Wednesday, December 11, 2013


(Goo, waiting for The Little Girls at the bus stop.)
Listen: I've wanted to write about this for a while now I just haven't been able to find the words (I still can't so hang in there while I try). In a few days this country will mark the one year anniversary of the Sandy Hook shootings. I can't imagine the hell this last year has been for the families who lost their Littles and loved ones that tragic day. With the exception of victims follow up stories and the most recent debate about the public release of the 911 tapes, the nation has moved on (likely wondering what a Kardashian ate for dinner or wore pumping gas). For the families of the children and adults who died that day, the pain, despair and horror wasn't limited to that specific day: it deepened with every benchmark, every "1st" they were without their precious person, every empty day that passed. I know a fraction of what that first year without your person feels like, and every day after that too. It is a knife-in-your-stomach-every-time-you-wake-up-and-reality-sets-in, a scrape-yourself-off-the-bathroom-floor, a force-yourself-to-carry-on-with-life, a question-any-filament-of-faith-you-have-left kind of life you find yourself living. And people outside of that immediate pain remember the anniversary but I tell you, it is not the anniversary that is the stab in the heart [sure the anniversary reminds you of how life changes so quickly and the initial pain (which is different from the agony afterwards) of your discovery], the stab in the heart is every minute your person isn't there to share life with.
I didn't know about the shootings at Sandy Hook until much later that day. I didn't watch any news coverage or actively seek any further details. That is not to say I wasn't informed as it was impossible to not hear something about what happened. Like most people, I was deeply affected. Moments after I learned what happened I put Ivy and Goo in the car and drove directly to Savannah's school, sat in the back of her classroom and cried. I wasn't the only one, two other parents had come to do the exact same thing.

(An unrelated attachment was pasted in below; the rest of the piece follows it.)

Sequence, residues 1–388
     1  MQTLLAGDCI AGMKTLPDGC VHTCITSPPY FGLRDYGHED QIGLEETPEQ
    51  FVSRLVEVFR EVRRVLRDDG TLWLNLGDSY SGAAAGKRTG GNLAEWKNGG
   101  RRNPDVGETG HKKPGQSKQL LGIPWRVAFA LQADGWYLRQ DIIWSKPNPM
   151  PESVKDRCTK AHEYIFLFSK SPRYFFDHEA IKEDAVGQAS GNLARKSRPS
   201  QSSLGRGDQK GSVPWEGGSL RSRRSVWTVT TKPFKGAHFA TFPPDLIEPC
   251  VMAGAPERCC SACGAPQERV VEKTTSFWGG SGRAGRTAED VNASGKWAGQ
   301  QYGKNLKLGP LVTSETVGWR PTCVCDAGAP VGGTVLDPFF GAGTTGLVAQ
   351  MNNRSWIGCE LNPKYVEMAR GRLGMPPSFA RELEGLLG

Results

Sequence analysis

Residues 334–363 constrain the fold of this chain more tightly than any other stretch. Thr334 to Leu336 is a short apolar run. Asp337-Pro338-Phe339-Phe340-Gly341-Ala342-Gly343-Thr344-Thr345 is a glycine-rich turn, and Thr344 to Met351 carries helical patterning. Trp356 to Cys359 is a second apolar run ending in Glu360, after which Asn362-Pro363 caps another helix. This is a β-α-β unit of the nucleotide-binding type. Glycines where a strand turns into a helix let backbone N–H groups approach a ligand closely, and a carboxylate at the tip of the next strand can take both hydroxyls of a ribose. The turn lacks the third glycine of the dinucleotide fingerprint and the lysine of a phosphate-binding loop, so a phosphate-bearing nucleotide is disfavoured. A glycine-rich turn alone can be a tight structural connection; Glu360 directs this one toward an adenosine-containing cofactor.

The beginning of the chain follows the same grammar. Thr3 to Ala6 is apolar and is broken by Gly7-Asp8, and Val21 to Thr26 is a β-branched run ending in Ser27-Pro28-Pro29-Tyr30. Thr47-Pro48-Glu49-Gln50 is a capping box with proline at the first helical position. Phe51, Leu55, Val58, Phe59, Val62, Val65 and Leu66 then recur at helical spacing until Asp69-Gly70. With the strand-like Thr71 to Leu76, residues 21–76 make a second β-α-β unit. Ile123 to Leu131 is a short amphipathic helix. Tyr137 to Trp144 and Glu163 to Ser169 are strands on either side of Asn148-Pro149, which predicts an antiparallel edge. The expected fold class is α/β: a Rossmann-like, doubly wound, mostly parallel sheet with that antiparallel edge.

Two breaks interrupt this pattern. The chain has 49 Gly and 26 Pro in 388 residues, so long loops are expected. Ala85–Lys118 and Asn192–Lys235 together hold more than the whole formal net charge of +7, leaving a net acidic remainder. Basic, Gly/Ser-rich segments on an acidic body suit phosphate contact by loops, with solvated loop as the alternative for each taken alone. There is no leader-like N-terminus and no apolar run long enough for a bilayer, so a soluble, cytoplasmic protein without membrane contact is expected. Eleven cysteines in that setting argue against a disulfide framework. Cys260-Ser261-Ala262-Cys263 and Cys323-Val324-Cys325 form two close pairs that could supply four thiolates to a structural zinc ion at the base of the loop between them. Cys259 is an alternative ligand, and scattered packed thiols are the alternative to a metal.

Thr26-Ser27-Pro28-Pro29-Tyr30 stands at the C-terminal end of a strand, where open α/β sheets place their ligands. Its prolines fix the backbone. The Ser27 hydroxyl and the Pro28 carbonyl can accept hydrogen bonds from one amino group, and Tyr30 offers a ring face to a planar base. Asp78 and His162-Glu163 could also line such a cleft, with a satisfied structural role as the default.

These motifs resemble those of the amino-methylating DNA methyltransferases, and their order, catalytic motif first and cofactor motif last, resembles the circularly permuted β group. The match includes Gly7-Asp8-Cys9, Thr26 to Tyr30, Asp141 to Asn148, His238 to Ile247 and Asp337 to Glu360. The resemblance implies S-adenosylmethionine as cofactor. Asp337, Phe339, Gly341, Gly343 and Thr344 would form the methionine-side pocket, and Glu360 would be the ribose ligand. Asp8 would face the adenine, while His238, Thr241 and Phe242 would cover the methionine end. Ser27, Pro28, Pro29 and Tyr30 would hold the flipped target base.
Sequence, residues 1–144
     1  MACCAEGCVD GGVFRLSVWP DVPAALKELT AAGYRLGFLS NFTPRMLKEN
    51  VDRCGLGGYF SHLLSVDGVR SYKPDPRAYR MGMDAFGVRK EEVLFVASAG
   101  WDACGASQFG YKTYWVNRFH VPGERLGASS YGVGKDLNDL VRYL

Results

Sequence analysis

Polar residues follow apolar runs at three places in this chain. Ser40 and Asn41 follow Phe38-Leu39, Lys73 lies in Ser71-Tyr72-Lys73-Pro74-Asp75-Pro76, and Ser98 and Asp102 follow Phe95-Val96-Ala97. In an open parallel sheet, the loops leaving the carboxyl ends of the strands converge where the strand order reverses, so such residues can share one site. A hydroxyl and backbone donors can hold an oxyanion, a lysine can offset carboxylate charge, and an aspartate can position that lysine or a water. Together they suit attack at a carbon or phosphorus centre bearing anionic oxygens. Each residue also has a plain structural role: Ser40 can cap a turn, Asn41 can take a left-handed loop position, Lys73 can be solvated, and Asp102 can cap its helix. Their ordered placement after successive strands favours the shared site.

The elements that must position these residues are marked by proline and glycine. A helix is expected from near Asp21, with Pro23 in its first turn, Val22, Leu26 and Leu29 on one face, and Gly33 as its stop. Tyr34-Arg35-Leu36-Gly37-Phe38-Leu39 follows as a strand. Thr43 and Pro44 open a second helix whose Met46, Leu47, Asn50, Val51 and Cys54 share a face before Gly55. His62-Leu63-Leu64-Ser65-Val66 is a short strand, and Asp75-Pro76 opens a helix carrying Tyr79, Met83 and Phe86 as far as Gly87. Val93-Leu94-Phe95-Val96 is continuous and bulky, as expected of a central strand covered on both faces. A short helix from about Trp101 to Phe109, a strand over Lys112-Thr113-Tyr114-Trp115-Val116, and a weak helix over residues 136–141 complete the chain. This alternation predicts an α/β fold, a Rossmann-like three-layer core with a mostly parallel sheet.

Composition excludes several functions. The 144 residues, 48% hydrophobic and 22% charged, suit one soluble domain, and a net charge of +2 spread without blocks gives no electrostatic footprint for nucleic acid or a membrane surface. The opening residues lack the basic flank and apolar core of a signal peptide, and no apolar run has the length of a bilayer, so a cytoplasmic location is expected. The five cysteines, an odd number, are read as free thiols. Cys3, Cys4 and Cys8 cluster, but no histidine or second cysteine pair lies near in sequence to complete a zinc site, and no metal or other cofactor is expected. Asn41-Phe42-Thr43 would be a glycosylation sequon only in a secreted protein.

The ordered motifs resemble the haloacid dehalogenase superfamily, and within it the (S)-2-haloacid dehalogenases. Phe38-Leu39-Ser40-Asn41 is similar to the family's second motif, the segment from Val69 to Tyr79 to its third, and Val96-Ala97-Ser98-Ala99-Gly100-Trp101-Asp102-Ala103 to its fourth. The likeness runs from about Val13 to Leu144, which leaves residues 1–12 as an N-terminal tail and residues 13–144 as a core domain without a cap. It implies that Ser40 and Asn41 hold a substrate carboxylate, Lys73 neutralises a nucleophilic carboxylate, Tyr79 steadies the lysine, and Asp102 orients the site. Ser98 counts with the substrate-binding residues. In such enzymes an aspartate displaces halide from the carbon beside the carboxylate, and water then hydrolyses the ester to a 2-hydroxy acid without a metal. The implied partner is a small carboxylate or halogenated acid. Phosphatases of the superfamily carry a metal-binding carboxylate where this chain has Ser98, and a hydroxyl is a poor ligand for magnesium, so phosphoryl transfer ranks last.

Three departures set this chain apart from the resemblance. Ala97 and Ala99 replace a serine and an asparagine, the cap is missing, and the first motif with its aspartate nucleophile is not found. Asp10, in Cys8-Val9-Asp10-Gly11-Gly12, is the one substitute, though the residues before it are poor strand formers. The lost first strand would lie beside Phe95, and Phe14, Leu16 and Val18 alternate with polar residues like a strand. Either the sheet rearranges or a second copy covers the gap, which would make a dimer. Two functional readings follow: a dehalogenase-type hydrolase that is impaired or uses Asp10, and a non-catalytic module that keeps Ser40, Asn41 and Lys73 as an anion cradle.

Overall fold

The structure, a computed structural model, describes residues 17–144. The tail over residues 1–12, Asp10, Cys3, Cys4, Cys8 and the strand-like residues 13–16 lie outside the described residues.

Up until now I've only shared this with Angela, but for months I had anxiety about leaving Savannah at school. There were days I would pick her up early just to hold her and keep her close. It felt dangerous and scary to send my precious Little to school and out of my care. The thing is, her school was safe and the administration beefed up the drills, any trespassers were taken away by police escort, all visitors had to sign in the office, round the clock surveillance, etc. But still the worry and anxiety were constant companions.
One day while waiting on my car at the mechanic's, I picked up a magazine on a nearby table. I read a follow-up article interviewing victim's of Sandy Hook families. These photos... they just, well, they speak volumes about life after loss. I left as soon as able, drove to the school and signed Savannah out for the day.
Today this anxiety crept in. Perhaps tragically loosing my mom has kept me scared and vigilant about the unlikely (yet possible) event of it happening again and knowing what a nightmare despair is. My greatest fear, like all parents, is loosing a child. Knowing that would be infinitely worse than loosing a parent is unfathomable and dark. The fear haunts me. I forced myself not to pick up The Little Girls early from school today, but I'll tell you what: I didn't breath easy until they stepped off that bus.

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